The triptych, initially in the Corsini collection in Florence, passed to Baroness Giuliana Ricasoli in 1926 and then, in 1963, to the Cini collection. In 1987, the Italian state purchased it for the Galleria Nazionale delle Marche from Countess Ylda Guglielmi Cini of Rome. The three panels arrived at the Urbino museum, poorly amputated of their terminal cusps, set within a rectangular frame, like a horizontal altarpiece, and surrounded by dark green velvet.

There is no information about the original location of the work, although the presence of Saints Benedict and Romuald might suggest it was painted for a Camaldolese monastery or community.

In 1947, Richard Offner attributed the painting to a follower of the painter he referred to as the “Maestro della pala d’altare di Fabriano,” in reference to the panel with Saint Anthony Abbot and Devotees, dated 1353, now in the Pinacoteca civica of Fabriano. In 1959, the “Maestro della pala d’altare di Fabriano” was identified by Roberto Longhi as Puccio di Simone, and in 1975, Richard Fremantle attributed the Urbino triptych to him as well.

The artist, who was active in Florence and trained in the workshop of Bernardo Daddi, moved to the Marche region following Allegretto Nuzi, probably staying there until 1357. Besides painting the 1353 panel in Fabriano, he left a triptych, now at the National Gallery of Art in Washington, depicting the Madonna and Child Enthroned with Saints, dated 1354, executed in collaboration with Allegretto. In the works created in Fabriano, Puccio’s style evolved in a more distinctly Gothic direction. The figures became more slender, the contrasts of light and shadow were softened, the folds of clothing modulated delicately, forming soft loops, and much more attention was paid to the creation of decorative motifs.

In the Urbino artwork, certainly produced after the Marche period, Puccio demonstrated an awareness of the Florentine style of the late 1350s, particularly that of the Nardo brothers and Andrea Orcagna. For instance, in Orcagna’s “Strozzi Altarpiece,” in the Strozzi Chapel in Santa Maria Novella in Florence, dated 1357, Puccio drew inspiration for the rhythmic pairs of saints depicted in the triptych’s lateral compartments. Similar to his other late-period works, the artist created figures outlined by continuous curves, eliminating all depth and working solely within the dimensions of height and width. This is especially evident in the central panel, where the Virgin and Child stand out primarily through their colors against the geometric-floral patterns in the background, which is also emphasized alongside the glitter of gold and enameled colors.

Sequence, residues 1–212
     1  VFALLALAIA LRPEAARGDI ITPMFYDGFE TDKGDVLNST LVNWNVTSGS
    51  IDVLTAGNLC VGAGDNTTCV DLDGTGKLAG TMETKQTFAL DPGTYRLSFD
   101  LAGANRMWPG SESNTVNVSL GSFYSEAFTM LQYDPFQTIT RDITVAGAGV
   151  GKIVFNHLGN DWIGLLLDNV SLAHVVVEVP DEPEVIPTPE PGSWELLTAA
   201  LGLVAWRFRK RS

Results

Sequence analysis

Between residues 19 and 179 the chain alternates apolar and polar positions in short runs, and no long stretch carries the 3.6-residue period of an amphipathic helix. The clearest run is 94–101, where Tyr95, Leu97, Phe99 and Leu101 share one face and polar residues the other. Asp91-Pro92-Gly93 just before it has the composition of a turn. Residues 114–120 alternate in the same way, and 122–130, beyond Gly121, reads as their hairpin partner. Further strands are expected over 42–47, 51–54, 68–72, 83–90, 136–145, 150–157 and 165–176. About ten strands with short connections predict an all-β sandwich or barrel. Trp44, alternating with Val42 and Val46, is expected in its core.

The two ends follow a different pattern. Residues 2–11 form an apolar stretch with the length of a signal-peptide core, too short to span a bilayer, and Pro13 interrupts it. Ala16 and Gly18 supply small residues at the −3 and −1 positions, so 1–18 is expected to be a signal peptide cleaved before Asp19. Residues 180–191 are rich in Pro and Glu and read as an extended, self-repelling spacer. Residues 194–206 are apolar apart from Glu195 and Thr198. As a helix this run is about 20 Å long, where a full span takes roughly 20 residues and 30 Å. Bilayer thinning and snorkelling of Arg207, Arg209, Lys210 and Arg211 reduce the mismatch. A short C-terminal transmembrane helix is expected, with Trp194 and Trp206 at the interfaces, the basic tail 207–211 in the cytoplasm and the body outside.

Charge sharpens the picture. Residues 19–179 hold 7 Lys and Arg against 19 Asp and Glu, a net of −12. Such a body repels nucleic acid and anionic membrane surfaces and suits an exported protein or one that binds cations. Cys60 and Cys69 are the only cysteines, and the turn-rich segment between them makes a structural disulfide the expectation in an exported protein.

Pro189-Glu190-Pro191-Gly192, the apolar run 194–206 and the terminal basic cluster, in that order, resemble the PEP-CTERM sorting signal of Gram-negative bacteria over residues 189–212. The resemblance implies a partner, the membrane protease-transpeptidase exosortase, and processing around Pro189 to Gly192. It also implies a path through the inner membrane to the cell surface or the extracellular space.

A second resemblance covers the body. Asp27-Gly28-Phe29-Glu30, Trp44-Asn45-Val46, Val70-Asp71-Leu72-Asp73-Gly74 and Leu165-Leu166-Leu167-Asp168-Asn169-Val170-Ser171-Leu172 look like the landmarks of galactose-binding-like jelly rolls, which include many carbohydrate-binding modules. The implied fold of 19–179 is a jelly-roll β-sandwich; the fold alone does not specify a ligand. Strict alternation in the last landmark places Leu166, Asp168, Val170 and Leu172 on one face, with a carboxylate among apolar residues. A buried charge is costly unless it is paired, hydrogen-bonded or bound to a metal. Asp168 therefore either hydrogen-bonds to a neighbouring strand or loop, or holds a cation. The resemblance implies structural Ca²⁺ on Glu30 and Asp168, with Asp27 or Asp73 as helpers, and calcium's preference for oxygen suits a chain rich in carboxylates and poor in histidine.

Author: Puccio di Simone
Realization date: 1357-1360 ca.
Storage location: Urbino, Galleria Nazionale delle Marche
INV COD:D 22
Dimensions: 108 × 56 cm (pannello centrale), 97 × 47 cm (pannelli laterali)
Technique: Panel

Author: Puccio di Simone
Realization date: 1357-1360 ca.
Storage location: Urbino, Galleria Nazionale delle Marche
INV COD:D 22
Dimensions: 108 × 56 cm (pannello centrale), 97 × 47 cm (pannelli laterali)
Technique: Panel


The triptych, initially in the Corsini collection in Florence, passed to Baroness Giuliana Ricasoli in 1926 and then, in 1963, to the Cini collection. In 1987, the Italian state purchased it for the Galleria Nazionale delle Marche from Countess Ylda Guglielmi Cini of Rome. The three panels arrived at the Urbino museum, poorly amputated of their terminal cusps, set within a rectangular frame, like a horizontal altarpiece, and surrounded by dark green velvet.

There is no information about the original location of the work, although the presence of Saints Benedict and Romuald might suggest it was painted for a Camaldolese monastery or community.

In 1947, Richard Offner attributed the painting to a follower of the painter he referred to as the “Maestro della pala d’altare di Fabriano,” in reference to the panel with Saint Anthony Abbot and Devotees, dated 1353, now in the Pinacoteca civica of Fabriano. In 1959, the “Maestro della pala d’altare di Fabriano” was identified by Roberto Longhi as Puccio di Simone, and in 1975, Richard Fremantle attributed the Urbino triptych to him as well.

The artist, who was active in Florence and trained in the workshop of Bernardo Daddi, moved to the Marche region following Allegretto Nuzi, probably staying there until 1357. Besides painting the 1353 panel in Fabriano, he left a triptych, now at the National Gallery of Art in Washington, depicting the Madonna and Child Enthroned with Saints, dated 1354, executed in collaboration with Allegretto. In the works created in Fabriano, Puccio’s style evolved in a more distinctly Gothic direction. The figures became more slender, the contrasts of light and shadow were softened, the folds of clothing modulated delicately, forming soft loops, and much more attention was paid to the creation of decorative motifs.

In the Urbino artwork, certainly produced after the Marche period, Puccio demonstrated an awareness of the Florentine style of the late 1350s, particularly that of the Nardo brothers and Andrea Orcagna. For instance, in Orcagna’s “Strozzi Altarpiece,” in the Strozzi Chapel in Santa Maria Novella in Florence, dated 1357, Puccio drew inspiration for the rhythmic pairs of saints depicted in the triptych’s lateral compartments. Similar to his other late-period works, the artist created figures outlined by continuous curves, eliminating all depth and working solely within the dimensions of height and width. This is especially evident in the central panel, where the Virgin and Child stand out primarily through their colors against the geometric-floral patterns in the background, which is also emphasized alongside the glitter of gold and enameled colors.